My brother and I have a long history fraught with many incidents that involved me at the brink of disaster and him, the causative factor, standing on the sidelines as innocent as a lamb. He still has that air of un-involvement. Because he was bigger and I was hell bent on keeping up, I found myself in predicaments that were scary for me as well as for our parents.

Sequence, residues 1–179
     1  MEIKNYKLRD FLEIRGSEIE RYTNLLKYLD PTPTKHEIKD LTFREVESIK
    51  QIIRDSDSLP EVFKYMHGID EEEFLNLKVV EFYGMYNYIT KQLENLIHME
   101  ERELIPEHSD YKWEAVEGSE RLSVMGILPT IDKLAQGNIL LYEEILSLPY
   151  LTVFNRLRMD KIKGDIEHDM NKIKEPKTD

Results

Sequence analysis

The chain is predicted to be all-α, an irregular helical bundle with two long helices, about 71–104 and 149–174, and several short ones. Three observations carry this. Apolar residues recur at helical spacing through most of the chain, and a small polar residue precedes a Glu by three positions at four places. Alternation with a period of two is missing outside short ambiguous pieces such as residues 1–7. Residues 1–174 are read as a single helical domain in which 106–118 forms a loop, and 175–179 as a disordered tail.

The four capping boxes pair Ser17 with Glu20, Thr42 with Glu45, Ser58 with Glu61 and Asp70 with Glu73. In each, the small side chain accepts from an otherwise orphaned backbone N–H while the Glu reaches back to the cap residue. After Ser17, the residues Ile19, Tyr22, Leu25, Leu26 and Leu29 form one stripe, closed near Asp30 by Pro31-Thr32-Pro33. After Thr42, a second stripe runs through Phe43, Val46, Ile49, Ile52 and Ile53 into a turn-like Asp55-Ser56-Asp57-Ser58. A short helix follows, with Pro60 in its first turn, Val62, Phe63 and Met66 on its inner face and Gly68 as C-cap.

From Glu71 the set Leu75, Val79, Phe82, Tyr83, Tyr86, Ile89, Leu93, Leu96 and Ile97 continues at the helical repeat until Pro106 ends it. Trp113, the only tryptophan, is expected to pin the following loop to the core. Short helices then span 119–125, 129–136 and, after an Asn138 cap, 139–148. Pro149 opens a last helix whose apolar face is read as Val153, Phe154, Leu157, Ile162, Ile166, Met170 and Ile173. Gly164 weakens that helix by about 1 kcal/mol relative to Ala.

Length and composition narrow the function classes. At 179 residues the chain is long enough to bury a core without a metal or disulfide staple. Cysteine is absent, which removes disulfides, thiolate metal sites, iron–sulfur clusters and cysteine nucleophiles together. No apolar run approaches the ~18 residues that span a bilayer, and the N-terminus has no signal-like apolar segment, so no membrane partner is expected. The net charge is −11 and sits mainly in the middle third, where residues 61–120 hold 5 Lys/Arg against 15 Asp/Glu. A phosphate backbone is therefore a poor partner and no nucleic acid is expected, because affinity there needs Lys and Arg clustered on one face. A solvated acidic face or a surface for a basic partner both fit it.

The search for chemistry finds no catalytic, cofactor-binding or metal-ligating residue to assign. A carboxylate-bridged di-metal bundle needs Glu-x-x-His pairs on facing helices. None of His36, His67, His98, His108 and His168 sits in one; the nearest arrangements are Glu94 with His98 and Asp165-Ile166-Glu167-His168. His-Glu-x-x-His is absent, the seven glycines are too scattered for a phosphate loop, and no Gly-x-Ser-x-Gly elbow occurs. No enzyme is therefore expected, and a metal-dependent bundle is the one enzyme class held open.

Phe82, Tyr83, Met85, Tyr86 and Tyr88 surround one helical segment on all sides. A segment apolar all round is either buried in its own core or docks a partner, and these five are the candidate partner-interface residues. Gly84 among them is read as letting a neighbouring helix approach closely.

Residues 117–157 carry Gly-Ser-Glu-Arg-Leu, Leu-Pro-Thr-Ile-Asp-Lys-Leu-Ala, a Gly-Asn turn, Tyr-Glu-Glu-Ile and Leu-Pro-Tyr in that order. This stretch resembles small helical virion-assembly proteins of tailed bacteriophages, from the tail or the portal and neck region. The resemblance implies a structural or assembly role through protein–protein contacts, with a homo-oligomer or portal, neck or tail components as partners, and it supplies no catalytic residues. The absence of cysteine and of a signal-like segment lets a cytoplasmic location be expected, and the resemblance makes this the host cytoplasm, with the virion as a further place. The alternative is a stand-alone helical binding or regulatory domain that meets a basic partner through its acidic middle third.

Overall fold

He loved the mechanics of everything so he was always tinkering with something. One of the things the parents had to keep him away from was the family car. I was only a year and half old when he had the great fortune, in his way of looking at things, to find the car open and no adults right there. He climbed in, but I wasn’t big enough to follow so I sat down on the running board. Within no time, he had managed some how to disengage the gears and start the thing. As the car rolled back, I was knocked off my perch. Of course, my father who was suppose to be watching us and who had turned his back for a few moments, whirled around just in time to see the wheels of the car miss my head by inches. He raced after the car and managed to get in and stop it. I, of course, was screaming my head off over the indignity of being dumped unceremoniously but was other wise unhurt. My father later declared that he aged 20 years in that moment of watching the car roll by me. He also reported to us later that Luther didn’t take too kindly to being shoved from the drivers seat. He seemed to think he had everything under control.